Development of New Left Atrial Anatomical Models for the Study of the Left Atrial Appendage Implications in Atrial Fibrillation

Alessandro Masci1, Lorenzo Barone1, Francesca Mazzotti2, Corrado Tomasi3, Cristiana Corsi4
1DEI, University of Bologna, 2DEI - University of Bologna, 3Cardiovascular Department, Santa Maria delle Croci Hospital, AUSL della Romagna, 4DEI- University of Bologna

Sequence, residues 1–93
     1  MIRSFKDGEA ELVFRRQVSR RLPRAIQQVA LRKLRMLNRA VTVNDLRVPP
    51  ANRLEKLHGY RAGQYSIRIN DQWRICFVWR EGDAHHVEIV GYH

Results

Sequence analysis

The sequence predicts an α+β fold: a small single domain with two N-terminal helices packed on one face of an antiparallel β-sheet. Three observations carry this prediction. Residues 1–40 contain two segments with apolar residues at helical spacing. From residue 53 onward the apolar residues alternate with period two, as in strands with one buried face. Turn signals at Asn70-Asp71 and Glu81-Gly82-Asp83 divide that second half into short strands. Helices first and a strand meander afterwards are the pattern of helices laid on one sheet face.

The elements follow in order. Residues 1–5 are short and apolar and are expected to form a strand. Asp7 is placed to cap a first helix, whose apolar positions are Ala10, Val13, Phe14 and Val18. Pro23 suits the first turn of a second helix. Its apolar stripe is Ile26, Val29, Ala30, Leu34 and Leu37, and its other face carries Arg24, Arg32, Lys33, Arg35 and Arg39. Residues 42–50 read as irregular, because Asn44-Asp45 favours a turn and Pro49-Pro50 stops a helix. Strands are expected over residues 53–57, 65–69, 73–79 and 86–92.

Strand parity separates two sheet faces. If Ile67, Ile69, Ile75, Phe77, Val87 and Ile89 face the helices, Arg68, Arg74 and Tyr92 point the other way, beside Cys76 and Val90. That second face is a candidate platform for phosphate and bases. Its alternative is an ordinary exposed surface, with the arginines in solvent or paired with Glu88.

Introduction. Atrial fibrillation is associated with a five-fold increase of stroke risk. Left atrial appendage (LAA) is the atrial site with the highest blood stasis risk. Recent studies have been focused on the association be-tween the LAA anatomical features and the stroke risk. However, conflicting results have been published. In this context, clinical studies suggested the stroke risk stratification could be improved by using haemodynamic infor-mation on the left atrium and mainly on the LAA. The aim of this study was the design and development of a method, which enabled to reconstruct and generate several LA anatomical models, characterized by the same LA chamber model and different LAA morphology and investigate the fluid-dynamic properties within the LAA in order to correlate its geometrical and morphological characteristics with the thrombogenic risk. Methods. Eleven patient specific anatomical models were derived from CT and MRI data applying specifically image segmentation algorithms, previ-ously described. A semantic segmentation of these models was obtained by applying the shape diameter function and the LA chamber was disconnect-ed by the LAA in each mesh. The shape of each LAA was characterized by computing several geometrical parameters. One LA model was selected and, by applying the iterative closest point algorithm and the Poisson surface re-construction approach, the LAAs were connected to the LA model template. CFD simulations were run in 5/11 models with the most different LAAs. Results and Conclusions. Results showed that not only LAAs with complex morphologies are characterized by low velocities, few vortex structures and consequently a higher thrombogenic risk. Depending on the flow velocity at the ostium and on the length of the LAA, even a simple morphology may be associated to a high stroke risk. The evaluation of geometric characteristics seems to have a key role in defining thromboembolic risk.